Short Answer: Is it illegal to drive without a bumper? Most states require your car to have bumpers (often both front and rear), but some states have no such laws. We have the state-by-state breakdown of bumper laws below.
Is It Illegal to Drive Without a Bumper?
Is it illegal to drive without a front bumper? Is it illegal to drive without a rear bumper? Not every state has an explicit law making driving without a bumper illegal. However, bumpers are an important safety feature of your car; they are designed to absorb impact and protect you.
We reviewed state statutes, administrative codes, and car inspection requirements in each state and found that each state falls into one of three categories:
- States that require all cars to have bumpers
- States where you must keep or replace bumpers if they were originally on the car
- States with no specific bumper requirements
Suggested Article: Average Cost of Repairing or Replacing a Bumper
Below, we detail which states fall into each of these categories. Find your state in one of the categories below; we have included links to each state’s relevant legislation or safety inspection manual for further information. If you still aren’t sure whether or not your car is street-legal, you may want to contact a local attorney or your state department of motor vehicles.
Note that many states forbid driving a car in an “unsafe condition” or with broken pieces protruding. If your bumper is missing, damaged, or unsafely attached, it’s possible the police in your area could consider your car unsafe. Police can give you a ticket in these instances, even if the state’s legal code does not explicitly mention missing or damaged bumpers. The fact that your state has no specific requirements for bumpers would not guarantee your success if fighting that ticket in court.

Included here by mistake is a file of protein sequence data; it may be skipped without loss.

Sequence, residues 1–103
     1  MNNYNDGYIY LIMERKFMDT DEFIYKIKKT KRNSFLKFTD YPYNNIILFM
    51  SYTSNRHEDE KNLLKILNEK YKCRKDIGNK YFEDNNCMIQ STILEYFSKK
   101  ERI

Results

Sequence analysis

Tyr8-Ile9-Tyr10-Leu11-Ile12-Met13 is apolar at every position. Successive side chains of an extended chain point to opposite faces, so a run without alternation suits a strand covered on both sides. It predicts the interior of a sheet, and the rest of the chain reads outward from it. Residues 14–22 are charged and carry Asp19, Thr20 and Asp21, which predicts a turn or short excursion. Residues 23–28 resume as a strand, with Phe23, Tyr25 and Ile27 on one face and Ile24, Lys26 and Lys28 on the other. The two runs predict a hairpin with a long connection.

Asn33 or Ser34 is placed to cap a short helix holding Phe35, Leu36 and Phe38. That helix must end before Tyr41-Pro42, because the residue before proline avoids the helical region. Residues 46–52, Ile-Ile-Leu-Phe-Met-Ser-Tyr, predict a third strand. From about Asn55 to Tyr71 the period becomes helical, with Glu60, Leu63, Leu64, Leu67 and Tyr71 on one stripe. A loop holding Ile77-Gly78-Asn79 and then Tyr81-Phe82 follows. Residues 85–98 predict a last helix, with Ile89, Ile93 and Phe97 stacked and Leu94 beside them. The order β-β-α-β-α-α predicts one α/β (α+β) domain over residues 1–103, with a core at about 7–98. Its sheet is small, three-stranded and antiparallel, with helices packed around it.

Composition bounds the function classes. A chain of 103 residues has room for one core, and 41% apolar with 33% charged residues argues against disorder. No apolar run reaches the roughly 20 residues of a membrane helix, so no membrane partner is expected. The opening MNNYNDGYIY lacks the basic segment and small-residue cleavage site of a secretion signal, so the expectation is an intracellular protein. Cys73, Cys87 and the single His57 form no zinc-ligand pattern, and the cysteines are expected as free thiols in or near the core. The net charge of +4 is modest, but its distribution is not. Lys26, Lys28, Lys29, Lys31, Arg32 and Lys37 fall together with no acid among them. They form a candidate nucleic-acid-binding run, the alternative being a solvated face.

States also require you to display license plates on the front and/or back of your car. Without a bumper, you will still need to attach the plates somehow.
States That Require All Cars to Have Bumpers
Bumpers, often front and rear, or an equivalent that meets safety standards are required on passenger cars in the following states. Some states make exceptions for particular types of vehicles, such as trucks over a certain weight. If you drive something other than a standard passenger vehicle or SUV, check the link for your state to see if you’re covered:
- New Hampshire
- New York
- North Dakota
- South Carolina
States Where You Must Keep or Replace Bumpers
If your vehicle was originally designed without bumpers, the following states will allow you to drive it. However, any car that had bumpers (front and/or rear) when it left the factory must keep them or replace them with an equivalent that meets safety standards. Check the links below for specific provisions in your state.
States With No Specific Bumper Requirements
We didn’t find any requirements for bumpers, neither front nor rear, in the following states:
- New Jersey
- New Mexico
- North Carolina
- South Dakota
Is it legal to drive without a bumper? Twenty-one states require bumpers for your car to be street-legal. Seven states require that you keep your car’s original bumpers intact or replace them with an equivalent that meets safety standards. In the remaining 22 states, the law doesn’t specifically say that bumpers are required. However, remember that the law can be complex and, in many states, police have the authority to write you a ticket for driving an “unsafe” vehicle even if the legal code does not include bumper requirements.
For more on cars and car parts, see our article on parting out a car for profit.